Skip to content
My WebMD Sign In, Sign Up

Cancer Health Center

Font Size

Sexuality and Reproductive Issues (PDQ®): Supportive care - Health Professional Information [NCI] - Fertility Issues


Preventive Strategies

For women, studies [18] have shown that movement of the ovaries out of the field of radiation (ovariopexy)—laterally, toward the iliac crest, or behind the uterus—may help preserve fertility when high doses of radiation therapy are being applied. By relocating the ovaries laterally it is possible to shield them during radiation of the para-aortic and femoral lymph nodes.[4] Pelvic radiation, however, still provokes an irradiation of the ovary of 5% to 10%, even if transposed outside the irradiation area.[16] Similar prevention strategies are available for men. When possible, lead shields are used to protect the testes.[4]

Procreative Alternatives

When feasible and relative to the necessity of treatment, oncology professionals should discuss reproductive cell and tissue banking with patients, referring to a reproductive endocrinologist before chemotherapy and/or radiation. Men can store sperm from semen ejaculate, epididymal aspirate, testicular aspirate, and testicular biopsy.[19,20,21,22] Women can store ovarian tissue, ovarian follicles, and embryos.[23,24][Level of evidence: II] In oocyte cryopreservation, which is still experimental,[25] reproductive cells/tissue are cryopreserved for future use in artificial insemination for patients who wish to protect their reproductive capacity. One published case report describes a live birth after in vitro fertilization of thawed cryopreserved ovarian cortical tissue into the ovaries of a 28-year-old woman who experienced ovarian failure secondary to high-dose chemotherapy for non-Hodgkin lymphoma.[26][Level of evidence: III] For this case, ovarian tissue (containing many primordial follicles) was harvested after administration of a second-line conventional therapy regimen and before treatment with high-dose chemotherapy. Since this time, work has continued to advance technology related to the preservation of unfertilized eggs and ovarian tissue cryopreservation. More data have been published from clinics using preservation of unfertilized eggs, an important option for unpartnered, fertile women at the time of cancer diagnosis and treatment. The New York University (NYU) Fertility Center reported an ongoing/delivered pregnancy rate of 57% using oocyte cryopreservation.[27] The authors state that this rate is better than the U.S. rate for conventional in vitro fertilization using fresh (as opposed to cryopreserved) oocytes. They also report that this success rate was similar to that for age-matched controls who underwent conventional in vitro fertilization at the NYU Fertility Center.[27] There is likely a good deal of variability in the expertise and success rates of fertility centers using these newer strategies. When options for patients are being investigated, critical review is needed.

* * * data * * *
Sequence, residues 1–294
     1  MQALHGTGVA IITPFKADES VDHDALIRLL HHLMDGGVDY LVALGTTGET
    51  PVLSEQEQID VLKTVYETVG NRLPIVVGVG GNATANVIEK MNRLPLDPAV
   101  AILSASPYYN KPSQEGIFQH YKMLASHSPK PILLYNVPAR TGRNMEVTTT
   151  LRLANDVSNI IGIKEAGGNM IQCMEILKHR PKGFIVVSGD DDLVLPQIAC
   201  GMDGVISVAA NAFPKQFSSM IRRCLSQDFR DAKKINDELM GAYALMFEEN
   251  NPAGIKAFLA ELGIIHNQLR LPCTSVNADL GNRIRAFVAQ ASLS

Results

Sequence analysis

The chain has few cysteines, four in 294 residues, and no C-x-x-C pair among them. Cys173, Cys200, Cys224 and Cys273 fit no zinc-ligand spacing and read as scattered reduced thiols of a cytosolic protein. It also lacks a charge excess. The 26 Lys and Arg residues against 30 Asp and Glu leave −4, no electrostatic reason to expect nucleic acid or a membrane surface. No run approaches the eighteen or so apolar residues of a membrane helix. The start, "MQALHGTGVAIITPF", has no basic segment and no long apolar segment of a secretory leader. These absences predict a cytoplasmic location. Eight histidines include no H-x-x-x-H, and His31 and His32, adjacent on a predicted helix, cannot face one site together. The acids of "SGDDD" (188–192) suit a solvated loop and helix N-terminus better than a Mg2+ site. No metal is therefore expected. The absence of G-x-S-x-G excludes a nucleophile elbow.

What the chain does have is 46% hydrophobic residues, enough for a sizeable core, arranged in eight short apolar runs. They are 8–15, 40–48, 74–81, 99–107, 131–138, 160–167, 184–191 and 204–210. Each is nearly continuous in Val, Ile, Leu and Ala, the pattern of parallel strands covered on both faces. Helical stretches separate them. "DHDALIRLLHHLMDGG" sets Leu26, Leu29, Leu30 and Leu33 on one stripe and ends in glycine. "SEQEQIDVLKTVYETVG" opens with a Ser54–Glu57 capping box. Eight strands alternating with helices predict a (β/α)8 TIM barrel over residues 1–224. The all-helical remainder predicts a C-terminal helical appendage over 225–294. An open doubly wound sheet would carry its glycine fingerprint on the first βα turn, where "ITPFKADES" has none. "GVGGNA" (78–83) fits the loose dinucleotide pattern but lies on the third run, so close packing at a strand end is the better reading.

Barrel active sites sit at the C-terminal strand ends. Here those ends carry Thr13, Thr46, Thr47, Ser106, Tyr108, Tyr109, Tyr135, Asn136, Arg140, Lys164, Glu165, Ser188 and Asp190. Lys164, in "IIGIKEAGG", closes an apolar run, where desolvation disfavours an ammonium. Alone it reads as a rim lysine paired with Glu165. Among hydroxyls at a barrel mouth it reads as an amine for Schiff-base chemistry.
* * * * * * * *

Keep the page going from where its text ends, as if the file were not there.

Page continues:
These options may not be appropriate for all patients. Counseling is an important part of the decision-making process for patients. Thinking through these decisions at a time when patients are struggling with issues of life and potential death are often difficult. Patients need to consider costs, stress, time, emotions, and potential inclusion of another individual in the pregnancy process (i.e., a surrogate). For many patients, the financial costs associated with in vitro fertilization and subsequent embryo cryopreservation is cost prohibitive. Consideration also needs to be given to the current rate of failure for in vitro fertilization procedures and the potential adverse effect of malignancy on sperm parameters.[25][Level of evidence: III] A retrospective analysis, with a limited sample size, reported that the oocytes from patients with malignant disorders were of a poorer quality and exhibited a significantly impaired fertilization rate compared with age-matched controls.[25] Importantly, data on the outcome of pregnancies in cancer survivors [28][Level of evidence: III] have not shown any increase in genetically mediated birth defects, birth-weight effects, and sex ratios. Based on the evidence thus far, individuals treated with cytotoxic chemotherapy who remain fertile are not at an increased risk of having children with genetic abnormalities.[3] For all patients who wish to be parents and who have permanent infertility, adoption should be presented as a choice.


WebMD Public Information from the National Cancer Institute

Last Updated: February 25, 2014
This information is not intended to replace the advice of a doctor. Healthwise disclaims any liability for the decisions you make based on this information.
Next Article:

Today on WebMD

Building a Support System
cancer fighting foods
precancerous lesions slideshow
quit smoking tips
Jennifer Goodman Linn self-portrait
what is your cancer risk
colorectal cancer treatment advances
breast cancer overview slideshow
prostate cancer overview
lung cancer overview slideshow
ovarian cancer overview slideshow
Actor Michael Douglas